How we managed to reduce our latency by 3 times
Did you ever have performance issues with a big micro-services architecture? Today I will share with you my personal story on how we managed to reduce latency by 3 times in the Wix authorization system, ending up with single-digit (in ms) responses consistently.
My team and I are responsible for the authorization system in Wix. The system should (among others) be able to answer a single simple question: “Is the calling entity allowed to perform the requested operation on the provided resource?”. The answer to this question can be “Yes” or “No”, but getting this answer can be difficult. Let’s call this question isPermitted from now on.
In the last couple of months, we did a complete re-write of the authorization system in Wix. We switched from a role-based access control (AKA RBAC) to attribute-based access control (ABAC) which gave us more flexibility in terms of the features we could provide. We expected the new system to be much more robust and performant, and when we hit a major milestone of feature parity, we realized that although the new system performs way better than the old one, it is still not good enough.
One might say that “not enough” is something to argue about. In some cases, a latency of one second is enough, and in other cases, every nanosecond counts. When we finished the re-write, our system was able to answer in ~30ms. Sounds great, right? Wrong.
Consider the fact that each and every endpoint in Wix gets traffic both from the inside and from external callers. Also consider that a single call can pass through multiple services, aggregating info from each one. Hence, on a single roundtrip of a client request, multiple isPermitted calls are expected and acceptable. Now, when each call to isPermitted takes ~30ms, we can easily get to a few hundreds of ms per call, without performing any additional logic. Obviously, this number is no good. We had to reconsider many of the decisions we made, and understand how we can do better.
First of all, we needed to define our goals. 30 milliseconds is a single number, which doesn’t say much on its own. We started off by understanding the total picture. Is 30ms the time it takes an average call to be processed? Is it the worst case? Is it the best case? In solving performance issues, it is common to measure such things by percentiles. You’d often see the words p50, p95, p99, etc. These all mean the percentile on which the parameters were measured. p50 means the 50th percentile (meaning how well the system performs for 50% of the callers), p99 means the 99th percentile, etc. We measured our endpoint under these parameters, here is what we got:
- In p50, we were able to respond in 28ms.
- In p95–56ms.
- In p99–90ms.
The picture is becoming a bit clearer. We were able to see that the issue is already big on the 50th percentile, so we were aiming to target fixes in this area first, and then move on to improving the more edge case issues.
Now that we have those three numbers, we still don’t have a good idea of where we should improve. Our next step was to break down the internal logic into measurable units, to pinpoint the problems. There are some tools that can do that for you, but the basic idea is to wrap every such logic unit with a timer, start it before performing the code, and stop it right afterward. An example of such logic can be a read from some external datastore, a call to an external service, or a read operation from a file. Usually (unless you are writing a super complicated business logic with multiple iterations over large amounts of data) — most of the time will be spent on IO of all kinds.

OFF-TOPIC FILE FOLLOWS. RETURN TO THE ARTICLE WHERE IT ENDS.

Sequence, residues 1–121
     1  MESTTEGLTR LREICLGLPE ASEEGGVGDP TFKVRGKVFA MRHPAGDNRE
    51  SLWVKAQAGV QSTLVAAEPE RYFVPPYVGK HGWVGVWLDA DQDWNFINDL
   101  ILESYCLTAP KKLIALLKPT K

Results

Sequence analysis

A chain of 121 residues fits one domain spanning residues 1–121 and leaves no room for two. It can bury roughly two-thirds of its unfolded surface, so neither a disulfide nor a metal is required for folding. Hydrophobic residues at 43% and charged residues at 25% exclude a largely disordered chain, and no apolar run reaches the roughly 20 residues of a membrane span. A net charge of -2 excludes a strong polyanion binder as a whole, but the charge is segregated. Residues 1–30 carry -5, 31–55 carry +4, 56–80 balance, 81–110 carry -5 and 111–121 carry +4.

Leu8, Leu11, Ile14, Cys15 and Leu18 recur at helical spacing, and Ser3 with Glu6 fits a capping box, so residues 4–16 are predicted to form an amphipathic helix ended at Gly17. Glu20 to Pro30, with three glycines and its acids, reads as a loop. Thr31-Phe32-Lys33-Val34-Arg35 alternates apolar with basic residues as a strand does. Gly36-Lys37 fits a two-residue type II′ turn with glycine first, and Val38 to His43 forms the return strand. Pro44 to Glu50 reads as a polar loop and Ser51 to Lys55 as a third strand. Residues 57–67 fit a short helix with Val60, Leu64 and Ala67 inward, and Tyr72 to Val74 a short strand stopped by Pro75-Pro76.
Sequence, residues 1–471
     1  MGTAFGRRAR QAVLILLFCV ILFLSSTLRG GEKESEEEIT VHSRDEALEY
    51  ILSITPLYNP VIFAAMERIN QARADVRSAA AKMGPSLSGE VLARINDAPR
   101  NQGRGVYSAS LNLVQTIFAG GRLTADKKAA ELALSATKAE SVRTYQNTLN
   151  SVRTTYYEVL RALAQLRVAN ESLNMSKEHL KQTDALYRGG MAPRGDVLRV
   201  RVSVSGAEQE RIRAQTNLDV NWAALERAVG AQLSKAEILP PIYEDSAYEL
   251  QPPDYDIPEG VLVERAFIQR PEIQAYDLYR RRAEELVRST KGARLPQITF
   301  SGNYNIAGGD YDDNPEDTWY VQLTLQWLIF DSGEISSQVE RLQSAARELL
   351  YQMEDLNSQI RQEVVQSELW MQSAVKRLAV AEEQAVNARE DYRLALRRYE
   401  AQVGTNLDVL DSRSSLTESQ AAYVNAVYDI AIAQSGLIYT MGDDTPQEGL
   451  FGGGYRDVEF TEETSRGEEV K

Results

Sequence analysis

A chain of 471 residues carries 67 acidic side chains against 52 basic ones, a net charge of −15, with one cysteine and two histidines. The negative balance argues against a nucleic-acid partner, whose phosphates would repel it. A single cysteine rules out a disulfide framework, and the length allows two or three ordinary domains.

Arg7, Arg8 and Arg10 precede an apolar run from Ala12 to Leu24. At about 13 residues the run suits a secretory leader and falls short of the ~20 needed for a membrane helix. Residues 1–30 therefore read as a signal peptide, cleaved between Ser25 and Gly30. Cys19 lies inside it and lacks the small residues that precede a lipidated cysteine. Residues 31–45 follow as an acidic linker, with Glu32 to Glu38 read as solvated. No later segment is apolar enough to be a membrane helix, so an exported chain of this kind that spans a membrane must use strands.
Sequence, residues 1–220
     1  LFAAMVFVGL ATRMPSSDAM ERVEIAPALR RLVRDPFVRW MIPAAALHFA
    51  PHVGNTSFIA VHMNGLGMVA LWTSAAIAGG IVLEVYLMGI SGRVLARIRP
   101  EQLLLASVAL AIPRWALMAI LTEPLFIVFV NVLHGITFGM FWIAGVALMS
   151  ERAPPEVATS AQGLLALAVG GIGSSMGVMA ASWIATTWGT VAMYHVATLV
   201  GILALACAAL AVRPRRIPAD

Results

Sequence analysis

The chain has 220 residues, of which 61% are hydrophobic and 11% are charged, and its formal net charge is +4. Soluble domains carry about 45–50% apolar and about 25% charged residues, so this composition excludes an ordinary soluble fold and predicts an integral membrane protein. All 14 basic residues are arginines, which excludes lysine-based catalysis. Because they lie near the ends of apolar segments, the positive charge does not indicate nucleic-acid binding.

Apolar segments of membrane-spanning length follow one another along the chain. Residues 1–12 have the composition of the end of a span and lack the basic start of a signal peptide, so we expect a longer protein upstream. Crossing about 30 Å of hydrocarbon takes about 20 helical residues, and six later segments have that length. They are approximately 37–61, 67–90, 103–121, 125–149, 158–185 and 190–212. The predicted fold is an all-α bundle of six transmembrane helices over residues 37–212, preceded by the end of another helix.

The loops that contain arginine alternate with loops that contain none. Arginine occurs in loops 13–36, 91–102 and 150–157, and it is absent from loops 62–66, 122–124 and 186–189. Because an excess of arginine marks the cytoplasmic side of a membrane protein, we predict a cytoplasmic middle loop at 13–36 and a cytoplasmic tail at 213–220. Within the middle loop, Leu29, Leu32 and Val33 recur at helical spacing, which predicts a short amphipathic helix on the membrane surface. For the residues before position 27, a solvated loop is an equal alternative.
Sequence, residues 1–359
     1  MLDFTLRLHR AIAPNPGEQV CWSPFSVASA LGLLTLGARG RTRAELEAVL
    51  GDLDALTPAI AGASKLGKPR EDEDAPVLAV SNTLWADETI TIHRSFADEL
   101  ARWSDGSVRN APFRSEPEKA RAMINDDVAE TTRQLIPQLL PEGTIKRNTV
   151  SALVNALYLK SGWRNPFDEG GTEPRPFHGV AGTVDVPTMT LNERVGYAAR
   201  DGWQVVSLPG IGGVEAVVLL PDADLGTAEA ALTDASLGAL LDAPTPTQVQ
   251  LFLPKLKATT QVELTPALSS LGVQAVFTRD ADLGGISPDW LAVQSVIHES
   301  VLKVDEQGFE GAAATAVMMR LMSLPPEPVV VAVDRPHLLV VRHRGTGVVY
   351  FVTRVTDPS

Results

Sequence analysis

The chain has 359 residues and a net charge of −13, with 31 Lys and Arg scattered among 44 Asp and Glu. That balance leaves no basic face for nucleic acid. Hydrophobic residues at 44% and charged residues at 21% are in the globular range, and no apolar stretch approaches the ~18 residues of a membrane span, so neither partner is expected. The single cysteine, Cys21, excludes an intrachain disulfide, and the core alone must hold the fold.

Next, you should report the results to an external log, and preferably aggregate it to a nice visual graph (we used Grafana for it). Now, we have a clear view of the internal core of our endpoint, and we can see what and how we can improve.
An important note: You should make sure that reporting this data does not affect the performance as well. Writing to a log file (for example) synchronically can have its own overhead, and might cause your whole service to perform even worse. Verify that the tool you use does not create an impact of its own.
Now, we had this awesome graph that was able to point us to the actual effect of each change. After we deployed each improvement, we waited a while and looked at the updated graph for the reduction of all (or some) of the metrics. This gave us immediate feedback on how well the deployed fix behaved.
Here comes the difficult part — the prioritization. Once you have in hand each part of the flow and how long it takes — you have all the information you need in order to decide which of the parts you want to tackle and improve first. From my experience, there are a few factors that you need to take in mind in order to make a decision:
1. What is the benefit of it? — How many seconds (or ms, in our case) will you save, and what part does the improvement take out of the total response time (in percentages)?
2. Which improvements are you able to make, and how difficult each of them is?
This requires a bit of deep-diving into the code and understanding what takes so long and how you can make it better. I will share some common use cases further in this post, but each business domain might have its own tweaks. You need to be able to declare (more or less) — where the pain points are in each flow, and how you can make them hurt less.
3. External dependencies — Some improvements might require other teams in your organization to participate (might be changes in the system or the framework, might be external services you use that operate too slow). You need to take this into consideration. If you have an endpoint that takes 5 seconds, 4 of which are spent on waiting for some service to respond — you don’t really have much to do (but the owners of the external service probably do).
4. Backward compliance — Breaking changes are hurtful. They hurt you (since you need to make sure all clients are migrated), and they hurt your clients (because now they have another task that they weren’t planning on doing). When improving performance, you might want to get some extra parameters from the caller, for example. Usually, it’s better not to force your client to pass these parameters, but to state that everyone doing this, will gain a performance boost. This will push the clients that are suffering the most to make the change you need them to.
Once you’ve considered all these issues, my suggestion is to start with quick wins first. You might have a very small change, that will not turn the world upside down, but you will reduce a couple of ms from the execution time. These quick wins pile over one another, ending up with a big improvement at a very small cost.
Another thing to keep in mind is your long term strategy. Don’t make changes that do not match the world you want to end up with, because eventually, you will have to revert them. In our case, some things are more complicated in the ABAC world, by definition. We could have simplified them up, and in return lose some of the features that ABAC provides — but keeping in mind the end goal we want to reach pushed us not to simplify it up.